15 Must-Know Tips on Training to Run Your First 15k

7. Don’t mess with cumbersome gadgets

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This day and age, there are technological gadgets for just about anything and everything. Everywhere you go people are connected to their phones, their tablets, their personal computers, their watches. The fitness world has become no different. However, some of those gadgets are actually pretty arbitrary and don’t do much more than get in the way. If you are going to try out a new gadget make sure it isn’t going to distract you from the run. And remember, race day is not the day to test out a new gadget.

8. Create a Killer Playlist–beforehand

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This is one mistake a lot of rookies make. When you get to the race time starts to move quickly. You get there and sign in an hour before but before you know it the anthem is sung and you are out of the gates. There are a lot of people at these races and often internet radio programs and instant playlists don’t work thanks to the cluster of people using their own data. If you are going to use your phone for music, make sure the music is downloaded onto your phone and your playlist is easy to access when you get to the race.

9. Get a running buddy

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The hardest challenges in life are always better when taken on with a friend. Find a running partner who you can workout with daily, and sign up for the race together. This way you’ll be able to motivate each other as you train together and you won’t have to take on such a long race all on your own.

10. Plan smaller milestones along the way

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Running your first 15k is a really big deal, but it is even a bigger deal if you have never run a race before. Instead of going into the race environment completely blind, sign up for a smaller race like a 5k to see what it feels like. This is a great way to keep up your training, too.

11. Mix up your running locations during training to be ready for anything

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A lot of race courses will take you in different places as you run—and sometimes this means off the road. Mixing up your training runs to include different surfaces will make your training more interesting and will give you additional comfort when the race takes you down a turn you might not have expected.

12. Try out different energy packs and have yours with you

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At one point during the race, on the tables where volunteers hand out water to all the runners, there will also be small packs of goo. This goo is actually really important to the long distance racer, as they hold a lot of nutrients and carbs to help you power through the last leg of the race without cramping. Just about all of these goos are gluten and dairy free and so are healthy for everyone, but they don’t all taste great. Try out a few on your own runs and decide what you like. Then, bring it with you in your pocket or armband so you aren’t dependent on what the race provides.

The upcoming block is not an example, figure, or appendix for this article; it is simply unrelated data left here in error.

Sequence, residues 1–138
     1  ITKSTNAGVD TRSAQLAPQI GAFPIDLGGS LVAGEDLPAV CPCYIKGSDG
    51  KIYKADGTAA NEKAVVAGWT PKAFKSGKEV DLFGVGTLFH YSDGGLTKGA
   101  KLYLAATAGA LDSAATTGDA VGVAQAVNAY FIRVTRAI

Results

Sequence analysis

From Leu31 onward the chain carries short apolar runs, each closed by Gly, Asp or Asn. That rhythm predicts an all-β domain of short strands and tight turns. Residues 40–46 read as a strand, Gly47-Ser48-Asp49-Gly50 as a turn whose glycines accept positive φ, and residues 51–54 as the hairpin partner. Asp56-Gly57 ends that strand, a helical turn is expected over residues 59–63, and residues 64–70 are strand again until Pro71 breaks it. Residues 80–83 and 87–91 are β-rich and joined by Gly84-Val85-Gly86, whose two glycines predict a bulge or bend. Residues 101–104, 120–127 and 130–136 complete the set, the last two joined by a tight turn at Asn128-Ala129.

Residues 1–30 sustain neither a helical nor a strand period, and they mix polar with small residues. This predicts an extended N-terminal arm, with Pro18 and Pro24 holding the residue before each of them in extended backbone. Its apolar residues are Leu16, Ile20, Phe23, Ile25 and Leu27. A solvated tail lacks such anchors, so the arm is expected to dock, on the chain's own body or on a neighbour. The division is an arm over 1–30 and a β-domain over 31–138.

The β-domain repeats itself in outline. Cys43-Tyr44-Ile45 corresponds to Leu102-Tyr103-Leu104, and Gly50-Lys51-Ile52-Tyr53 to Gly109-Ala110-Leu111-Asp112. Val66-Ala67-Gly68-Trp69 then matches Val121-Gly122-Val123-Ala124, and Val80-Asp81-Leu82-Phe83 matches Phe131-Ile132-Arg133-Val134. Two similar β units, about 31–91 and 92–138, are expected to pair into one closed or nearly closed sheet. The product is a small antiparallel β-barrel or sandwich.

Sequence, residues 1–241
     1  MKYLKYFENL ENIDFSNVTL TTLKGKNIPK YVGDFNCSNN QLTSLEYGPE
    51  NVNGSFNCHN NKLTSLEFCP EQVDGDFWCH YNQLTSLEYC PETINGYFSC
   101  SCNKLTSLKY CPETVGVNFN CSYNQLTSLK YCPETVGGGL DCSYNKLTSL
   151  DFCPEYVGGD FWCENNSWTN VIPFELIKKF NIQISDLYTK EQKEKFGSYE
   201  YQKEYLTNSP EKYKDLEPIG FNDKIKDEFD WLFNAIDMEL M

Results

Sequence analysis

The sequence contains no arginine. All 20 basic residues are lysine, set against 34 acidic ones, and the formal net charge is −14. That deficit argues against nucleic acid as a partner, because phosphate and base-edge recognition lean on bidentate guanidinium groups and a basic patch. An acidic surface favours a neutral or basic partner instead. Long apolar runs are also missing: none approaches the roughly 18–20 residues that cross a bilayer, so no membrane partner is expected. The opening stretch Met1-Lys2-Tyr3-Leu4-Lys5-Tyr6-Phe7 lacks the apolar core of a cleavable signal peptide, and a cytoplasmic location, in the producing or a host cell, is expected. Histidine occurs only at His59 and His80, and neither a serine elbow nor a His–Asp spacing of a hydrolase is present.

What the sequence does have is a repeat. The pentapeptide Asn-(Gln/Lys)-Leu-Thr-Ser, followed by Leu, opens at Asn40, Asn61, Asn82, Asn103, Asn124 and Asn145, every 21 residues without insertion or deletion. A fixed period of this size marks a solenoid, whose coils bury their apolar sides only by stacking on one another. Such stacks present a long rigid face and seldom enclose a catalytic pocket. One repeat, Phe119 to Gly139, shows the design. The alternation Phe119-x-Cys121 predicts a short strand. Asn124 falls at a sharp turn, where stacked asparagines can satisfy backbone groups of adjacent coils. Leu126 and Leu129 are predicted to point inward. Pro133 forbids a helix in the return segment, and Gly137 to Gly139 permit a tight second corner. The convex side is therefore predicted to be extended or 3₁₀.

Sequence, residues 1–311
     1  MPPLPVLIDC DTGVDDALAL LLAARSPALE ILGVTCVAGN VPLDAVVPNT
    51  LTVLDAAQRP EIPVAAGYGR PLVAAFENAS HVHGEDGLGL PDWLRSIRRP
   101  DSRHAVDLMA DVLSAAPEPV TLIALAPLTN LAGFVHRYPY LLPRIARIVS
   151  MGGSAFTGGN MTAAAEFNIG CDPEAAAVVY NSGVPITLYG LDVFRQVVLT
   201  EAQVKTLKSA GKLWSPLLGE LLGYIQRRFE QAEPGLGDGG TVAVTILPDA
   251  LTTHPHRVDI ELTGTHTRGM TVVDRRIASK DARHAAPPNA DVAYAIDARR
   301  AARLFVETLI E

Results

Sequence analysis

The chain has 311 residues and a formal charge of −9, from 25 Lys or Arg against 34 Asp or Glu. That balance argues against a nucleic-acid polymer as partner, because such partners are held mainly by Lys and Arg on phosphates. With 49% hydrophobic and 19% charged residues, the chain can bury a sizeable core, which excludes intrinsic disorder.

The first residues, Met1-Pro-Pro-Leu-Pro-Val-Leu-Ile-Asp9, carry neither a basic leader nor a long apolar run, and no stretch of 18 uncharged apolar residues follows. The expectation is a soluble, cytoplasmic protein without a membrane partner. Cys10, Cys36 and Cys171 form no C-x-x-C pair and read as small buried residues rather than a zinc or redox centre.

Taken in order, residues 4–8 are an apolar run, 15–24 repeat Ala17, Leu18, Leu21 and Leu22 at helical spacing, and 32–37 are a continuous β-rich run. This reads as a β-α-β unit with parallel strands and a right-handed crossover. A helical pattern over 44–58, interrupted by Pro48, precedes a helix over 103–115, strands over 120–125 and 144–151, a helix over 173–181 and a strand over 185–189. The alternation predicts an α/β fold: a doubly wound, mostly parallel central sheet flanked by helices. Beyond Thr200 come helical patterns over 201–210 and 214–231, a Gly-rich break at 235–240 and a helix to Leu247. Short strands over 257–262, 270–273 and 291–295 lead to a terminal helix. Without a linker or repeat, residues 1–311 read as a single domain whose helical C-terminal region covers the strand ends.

13. Maintain a steady pace start to finish

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In the excitement of the race it is easy to get caught up and run a whole lot faster than you typically do when on your own. This is exciting and you might do a PR for your first mile, or even your first 5k, but the speed will catch up with you. Race like you’ve practiced to set yourself up for a positive experience.

14. Look at a map and know the course

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Before heading to the race have a look at where the course is taking you. This will give you some added peace of mind as you are running. Being familiar with your environment eases the mental burden of a long race and frees up space in your mind to really enjoy the run.

15. Finally: Remember to smile

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At the end of every long race there is going to be a photo-op. It doesn’t matter if you duck for cover or run with your arms in the air towards the finish line, the camera will spot you and your bib number. Make the most of it and give yourself a smile for posterity. You just accomplished something major—enjoy it.